However, we are closely connected to the 52 other Commonwealth countries – through trade for example. For us, the Commonwealth is an integral part of the Fairtrade movement. Sixty percent of Fairtrade farmers and workers live in Commonwealth countries, and lots of Fairtrade goods are sold in Australia, New Zealand and Canada, as well as here in the UK.
So, there is clear potential for collaboration on issues like modern slavery and climate change.
Next month, when the Commonwealth Heads of State gather in London and Windsor for ‘CHOGM’, trade is on the agenda. Speaking to Commonwealth leaders at the World Trade Organisation Summit last year, the UK Trade Secretary was clear: The Heads of Government meeting is our chance to redefine the trading relationship of the Commonwealth.
So what could this actually mean?
Is this about letting all flowers bloom, or could there be space at CHOGM to talk about fair trade and not just trade, as the Fairtrade Foundation has recently proposed in a report about Fairtrade and the Commonwealth?
Over the last two weeks of Fairtrade Fortnight, we have had the privilege of hosting four producers from across the globe, including from India and Uganda. Ketra Kyosiimere, who is both a farmer and accountant from the Ankole Coffee Producers Cooperative Union in South-West Uganda, has told us that she wants to sell more coffee on Fairtrade terms. At the moment, about 40% of their coffee is sold this way and secures a minimum price and Fairtrade premium for investment in the local community. She is not alone in this plea. When Fairtrade farmers and producers can sell a good proportion of their crop on Fairtrade terms, we see significant improvements in household income. It’s no surprise that they want to sell more in this way.
(Pic: Ketra Kyosiimere with Harriet Baldwin MP for Fairtrade Fortnight)
What if Commonwealth leaders and businesses got behind Fairtrade and really championed this model?
The existing consumer markets in the UK, Canada, Australia and New Zealand could be strengthened – in the UK, we have seen 7% growth in Fairtrade retail sales over the last year, but we believe there is potential for even more growth. Development outcomes in the global south could be achieved in areas like education, health and women’s economic empowerment – there are currently a million people working in Fairtrade certified organisations across the Commonwealth – but let’s see this double! And we could also see markets develop in new and perhaps surprising places. Fairtrade has recently supported the launch of ‘Zawadi’ coffee – a new brand of coffee, made exclusively by women in the Rift valley and roasted in Kenya for the emerging domestic market.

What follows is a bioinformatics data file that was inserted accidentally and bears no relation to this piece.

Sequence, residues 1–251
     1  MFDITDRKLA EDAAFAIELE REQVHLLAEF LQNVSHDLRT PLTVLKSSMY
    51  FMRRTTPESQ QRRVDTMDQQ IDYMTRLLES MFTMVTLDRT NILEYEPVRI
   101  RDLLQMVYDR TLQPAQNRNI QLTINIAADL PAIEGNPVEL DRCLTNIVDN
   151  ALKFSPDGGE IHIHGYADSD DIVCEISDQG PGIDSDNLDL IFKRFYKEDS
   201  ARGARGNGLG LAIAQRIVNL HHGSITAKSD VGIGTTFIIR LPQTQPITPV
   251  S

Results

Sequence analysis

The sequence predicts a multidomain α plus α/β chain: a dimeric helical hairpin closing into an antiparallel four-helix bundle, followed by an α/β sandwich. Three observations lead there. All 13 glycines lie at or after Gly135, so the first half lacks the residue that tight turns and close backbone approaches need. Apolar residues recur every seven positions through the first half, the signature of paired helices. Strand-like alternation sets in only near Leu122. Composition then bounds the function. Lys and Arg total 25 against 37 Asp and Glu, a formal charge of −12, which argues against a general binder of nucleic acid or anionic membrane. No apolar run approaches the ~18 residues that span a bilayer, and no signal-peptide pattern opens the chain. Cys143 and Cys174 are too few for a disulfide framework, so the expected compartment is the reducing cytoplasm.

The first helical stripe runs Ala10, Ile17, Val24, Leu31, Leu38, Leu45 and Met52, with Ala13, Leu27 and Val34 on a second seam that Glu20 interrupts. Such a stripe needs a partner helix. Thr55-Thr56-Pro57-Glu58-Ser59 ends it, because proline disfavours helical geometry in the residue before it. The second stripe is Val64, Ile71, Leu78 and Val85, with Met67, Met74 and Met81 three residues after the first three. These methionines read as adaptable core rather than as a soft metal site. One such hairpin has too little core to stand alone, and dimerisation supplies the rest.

Commonwealth leaders could also support one another to strengthen the policy frameworks and legislation that underpin global trading practices. There has already been collaboration around modern slavery, with the Australian government bringing forward its own legislation this year. This is likely to build on UK legislation requiring large companies to report on any modern slavery risks in their supply chains, and could be even stronger by requiring a central repository of annual statements and public procurement incentives.
And the Summit itself could lead by example, taking a steer from the hundreds of Fairtrade councils across the country that use their collective purchasing power to buy and serve Fairtrade.
Other big events have made this commitment in the past – the 2014 Commonwealth Games, following the precedent set by the 2012 Olympic Games, decided to source all bananas, tea, coffee and sugar for athletes, officials, workers and visitors, as Fairtrade, and on a sporting theme, we’ve also seen Fairtrade footballs used in the Homeless World Cup.
Ultimately this is about the values that the UK wants to promote. We’ve been told that the Commonwealth is built upon shared values and CHOGM is built around these four themes – prosperity, fairness, sustainability and security.
By making CHOGM a Fairtrade Summit, the UK government as the host and Chair for the next two years, would be sending a strong signal about translating these values into action, both in the Summit’s agenda and in the tea-break.